The Griffon House outside the French Quarter was abandoned by its owner when Federal troops invaded New Orleans. The first soldiers to enter the house reported hearing chains rattling and moans coming from upstairs. They went to investigate, and found slaves shackled to the walls and near starvation. They were removed to a nearby hospital, and the house was turned into a prison. Two raucous Union soldiers were held captive there, and spent their days drinking, and loudly singing "John Brown's Body." They were actually Confederate deserters disguising themselves as Yankees. Then one day, they bribed a guard to bring them pistols, laid down on the bed, pointed the guns at each other's hearts and pulled the triggers simultaneously. It is said that they still haunt the old house, as their singing can be heard on occasion. Blood has been seen dripping from the ceiling, but upon further inspection, disappears. Marching boots echo upstairs, and pieces of concrete were hurled at previous owners, who went upstairs to find that nothing was amiss. In 1951, a hurricane blasted the town, and after the cleanup, a tunnel was discovered running underneath the house. In it was a chest, chains, trash, and a few uniforms.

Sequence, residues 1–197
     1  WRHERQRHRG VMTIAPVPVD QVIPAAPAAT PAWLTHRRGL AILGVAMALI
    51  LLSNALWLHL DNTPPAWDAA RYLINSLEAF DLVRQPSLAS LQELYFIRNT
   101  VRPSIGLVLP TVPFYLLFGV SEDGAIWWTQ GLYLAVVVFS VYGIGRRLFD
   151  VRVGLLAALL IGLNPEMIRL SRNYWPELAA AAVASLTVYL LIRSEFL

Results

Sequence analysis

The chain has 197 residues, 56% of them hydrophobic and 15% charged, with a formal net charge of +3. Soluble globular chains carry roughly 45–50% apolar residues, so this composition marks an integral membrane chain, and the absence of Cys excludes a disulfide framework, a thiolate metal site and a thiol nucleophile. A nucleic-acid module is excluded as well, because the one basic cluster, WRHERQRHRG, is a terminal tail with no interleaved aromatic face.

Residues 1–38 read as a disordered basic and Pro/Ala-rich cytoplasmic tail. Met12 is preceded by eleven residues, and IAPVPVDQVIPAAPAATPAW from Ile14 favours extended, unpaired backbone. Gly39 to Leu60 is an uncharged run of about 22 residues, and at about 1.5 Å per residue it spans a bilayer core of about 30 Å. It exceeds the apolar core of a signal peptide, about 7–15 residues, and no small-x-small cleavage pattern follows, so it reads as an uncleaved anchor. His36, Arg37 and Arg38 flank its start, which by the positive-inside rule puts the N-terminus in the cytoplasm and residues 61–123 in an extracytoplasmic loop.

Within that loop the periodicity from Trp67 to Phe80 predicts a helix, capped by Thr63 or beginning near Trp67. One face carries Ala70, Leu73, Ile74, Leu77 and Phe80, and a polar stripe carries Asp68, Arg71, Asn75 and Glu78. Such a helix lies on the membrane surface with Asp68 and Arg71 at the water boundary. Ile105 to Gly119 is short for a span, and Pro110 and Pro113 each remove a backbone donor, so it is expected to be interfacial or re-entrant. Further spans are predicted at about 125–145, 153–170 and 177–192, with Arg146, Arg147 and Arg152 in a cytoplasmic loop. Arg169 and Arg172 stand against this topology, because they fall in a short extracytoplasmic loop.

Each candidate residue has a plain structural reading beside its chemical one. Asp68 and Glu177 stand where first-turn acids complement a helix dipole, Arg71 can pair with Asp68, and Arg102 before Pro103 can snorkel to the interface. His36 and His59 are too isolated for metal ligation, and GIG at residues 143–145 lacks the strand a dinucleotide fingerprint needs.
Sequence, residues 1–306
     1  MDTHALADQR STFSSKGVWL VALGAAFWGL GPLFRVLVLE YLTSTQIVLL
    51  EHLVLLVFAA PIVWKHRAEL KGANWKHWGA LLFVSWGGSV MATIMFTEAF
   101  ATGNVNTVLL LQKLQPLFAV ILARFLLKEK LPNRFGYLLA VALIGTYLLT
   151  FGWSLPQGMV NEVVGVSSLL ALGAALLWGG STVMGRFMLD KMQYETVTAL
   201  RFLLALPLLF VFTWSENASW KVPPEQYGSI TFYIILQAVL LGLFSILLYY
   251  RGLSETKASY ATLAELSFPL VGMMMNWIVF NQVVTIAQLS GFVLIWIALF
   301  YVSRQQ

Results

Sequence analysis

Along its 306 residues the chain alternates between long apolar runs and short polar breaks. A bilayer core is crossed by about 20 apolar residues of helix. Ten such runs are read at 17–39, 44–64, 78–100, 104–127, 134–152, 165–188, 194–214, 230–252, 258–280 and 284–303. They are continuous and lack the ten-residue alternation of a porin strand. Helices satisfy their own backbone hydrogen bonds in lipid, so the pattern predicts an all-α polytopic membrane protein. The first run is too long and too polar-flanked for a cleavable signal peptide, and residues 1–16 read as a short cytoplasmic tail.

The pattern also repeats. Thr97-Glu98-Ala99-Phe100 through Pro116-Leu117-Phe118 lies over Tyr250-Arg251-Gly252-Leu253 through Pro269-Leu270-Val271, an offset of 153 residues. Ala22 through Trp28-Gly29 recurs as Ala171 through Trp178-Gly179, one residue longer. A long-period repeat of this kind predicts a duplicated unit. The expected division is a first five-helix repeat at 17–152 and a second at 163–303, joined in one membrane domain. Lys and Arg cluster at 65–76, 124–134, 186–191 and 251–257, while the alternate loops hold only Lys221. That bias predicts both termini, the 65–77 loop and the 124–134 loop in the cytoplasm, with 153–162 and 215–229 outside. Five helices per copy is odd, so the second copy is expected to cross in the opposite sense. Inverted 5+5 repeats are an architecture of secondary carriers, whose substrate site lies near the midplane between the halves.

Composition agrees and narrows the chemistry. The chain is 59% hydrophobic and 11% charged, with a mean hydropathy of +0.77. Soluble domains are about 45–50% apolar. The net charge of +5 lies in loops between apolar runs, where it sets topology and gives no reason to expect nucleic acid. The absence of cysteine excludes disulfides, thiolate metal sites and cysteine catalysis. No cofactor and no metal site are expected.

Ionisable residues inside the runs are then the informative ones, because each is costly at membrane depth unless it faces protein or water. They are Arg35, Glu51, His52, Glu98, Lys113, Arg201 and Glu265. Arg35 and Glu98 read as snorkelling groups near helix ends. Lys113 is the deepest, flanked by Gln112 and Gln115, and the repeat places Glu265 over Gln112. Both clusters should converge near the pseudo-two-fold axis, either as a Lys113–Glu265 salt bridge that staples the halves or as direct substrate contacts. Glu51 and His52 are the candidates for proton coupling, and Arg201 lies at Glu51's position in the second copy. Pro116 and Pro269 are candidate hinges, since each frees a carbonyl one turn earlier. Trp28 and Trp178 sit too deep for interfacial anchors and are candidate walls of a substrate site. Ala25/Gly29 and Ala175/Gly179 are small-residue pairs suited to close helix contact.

The most tragic story revolves around the Lalaurie Mansion. In 1832, the Creole mansion was occupied by Dr. Louis Lalaurie and his wife, Delphine, who were well-respected socialites. Inside, the house was decorated with elaborate furnishings. Delphine was admired and revered, but there was a demonic side to her. She kept many slaves, and treated them with brutal cruelty. The cook was chained to the kitchen fireplace, and servants disappeared without a trace to be replaced frequently. In 1834, a fire tore through the house, and the firefighters made a ghastly discovery. Upstairs in the attic, slaves had been chained to the walls, strapped to operating tables, confined in cages, and tortured. Body parts were strewn across the floor, heads and internal organs were thrown haphazardly into buckets, and grisly souvenirs were stacked on shelves beside a collection of paddles and whips. All the victims were naked, some had their mouths sewn shut, or their hands sewn to their bodies. Others had been disemboweled while still alive. Limbs were cut off, fingernails had been ripped out, brains had been "stirred," eyes were poked out, and privates were sliced off. All this was done by Madame Lalaurie herself under the blind but knowing eye of her husband. This was the most hideous crime to ever happen in the city, but to avoid arrest, the Lalaurie's made a hasty departure. Almost immediately, reports surfaced about strange occurrences within the mansion. The house was left to disrepair, and neighbors said they heard screams and moans, and saw apparitions of slaves walking on the balconies and in the yard. Vagrants who went inside for shelter were never seen again. Over the years, tenants stayed for only brief periods. During the times the house was occupied, strange things happened: a black man in chains attacked tenants and then disappeared, animals were brutally butchered, children were attacked by a whip-wielding ghost, and of course, there were the never ending screams, yells, and cries. When the house was recently renovated, a makeshift graveyard was discovered under the floor, which explains the disappearance of Delphine's slaves. Her victims were many, and apparently some still linger there.